Speciesism: Introduction

August 31, 2020

Speciesism: Introduction

Bill Peirson

Companions, food, labourers, experimental models, investments, hunters, pets, pests, transport, transmigrants, sporting champions, cousins, possessions, producers, products, predators, prey, gods, friends, and mascots: these are just some of the ways we regard animals.

My present engineering research relates to re-establishing the habitats of migrating fish, disrupted by the construction of dams and weirs on Australia’s rivers and estuaries. This work required that I gain certification in animal care and ethics. I have been impressed by the careful documentation needed prior to experimentation on animals, but also troubled by the nature and frequency of such experiments within the research community.

I am not alone in my unease about our treatment of animals. Millions of Australians were profoundly disturbed by recent revelations of cruelty in the live animal export trade, and the horrific abuse of racehorses and greyhounds that, only a short time earlier, had been idolised as champions. Battery hens, over-fishing, cosmetics testing and other issues arising from large scale industrial animal use have long been in the public eye.

‘Speciesism is the belief of humans that all other species of animals are inferior and may therefore be used for human benefit without regard to the suffering inflicted’—so said the Collins online dictionary in August 2020. Some attribute this exploitation to a biblical model that stresses the spiritual differences between humans and animals. Indeed, on the ABC Science Show of 8 April 2020, Richard Dawkins made exactly this point as he reflected on how he had been impacted by reading Hugh Lofting’s Dr. Dolittle books as a child. These books, he claimed, prepared him to downplay intrinsic differences between species that might lead one to treat animals as inferior— unlike children brought up reading the Bible.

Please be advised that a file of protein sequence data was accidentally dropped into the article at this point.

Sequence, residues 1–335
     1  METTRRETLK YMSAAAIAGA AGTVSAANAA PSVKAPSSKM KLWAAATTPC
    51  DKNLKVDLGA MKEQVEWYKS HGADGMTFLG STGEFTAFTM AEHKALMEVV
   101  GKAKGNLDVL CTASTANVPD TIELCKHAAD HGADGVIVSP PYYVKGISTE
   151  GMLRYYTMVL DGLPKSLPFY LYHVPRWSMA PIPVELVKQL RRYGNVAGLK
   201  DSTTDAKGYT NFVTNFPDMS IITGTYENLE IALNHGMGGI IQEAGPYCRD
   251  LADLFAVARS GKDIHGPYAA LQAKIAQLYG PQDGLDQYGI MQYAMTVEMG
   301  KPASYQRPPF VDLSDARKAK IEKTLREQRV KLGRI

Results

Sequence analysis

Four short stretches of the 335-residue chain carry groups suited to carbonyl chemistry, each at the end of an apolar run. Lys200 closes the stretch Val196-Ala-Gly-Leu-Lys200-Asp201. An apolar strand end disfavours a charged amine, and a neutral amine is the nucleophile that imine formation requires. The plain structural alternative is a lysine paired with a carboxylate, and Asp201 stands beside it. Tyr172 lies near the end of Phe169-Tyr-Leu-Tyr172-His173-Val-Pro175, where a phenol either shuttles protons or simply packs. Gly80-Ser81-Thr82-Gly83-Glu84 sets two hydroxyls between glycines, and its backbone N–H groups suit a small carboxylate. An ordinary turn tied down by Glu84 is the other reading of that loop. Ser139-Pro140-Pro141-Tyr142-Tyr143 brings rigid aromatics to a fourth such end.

When we look at the history of animal welfare, connecting the Bible to animal abuse is not as easy as such comments suggest. As Philip Johnson points out in this issue, Christians have been at the forefront of promoting animal welfare: key founders of the RSPCA in the UK and Australia were Christians motivated by the gospel message. Christian voices no longer dominate the animal welfare movement, but they can still be heard. Australian Animal Law specialist, Ruth Pollard, for instance, deplores the industrialised animal cruelty we too often tolerate, and calls on Christians to consider their God-given task as ‘trustees’ of the animal creation.

The Bible’s teaching on the animal creation and its relation to God and humanity is rich and complex, and we are pleased to be able to open this edition with an overview by biblical scholar Lindsay Wilson. By turns reassuring and unsettling, this careful survey enunciates some outcomes that were a surprise to me, and often very different to the popular view.

In addition to these key articles, Chris Bellenger and Hugh Mackay reflect on changing attitudes towards animals over past decades from the perspectives of veterinary surgeon and social researcher respectively. Adela Davis takes us into the strange world of medieval animal trials; Richard Lints delves into what it means that humans (and not animals) bear the image of God; Jerry Root explores the role of animals in C. S. Lewis’s fiction; Matt Frazer asks whether we would treat animals differently if they could talk; and Megan Best explains recent developments in the use of human embryos in research.

During the preparation of this issue, many of our authors expressed the hope that readers would be prompted to carefully consider their treatment of animals, especially as part of a life that honours God. Jesus’s beautiful attitudes include mercy (Matthew 5:7), while Proverbs 12:10 reminds us that goodness is reflected in the treatment of animals. It is time to re-examine our ways.

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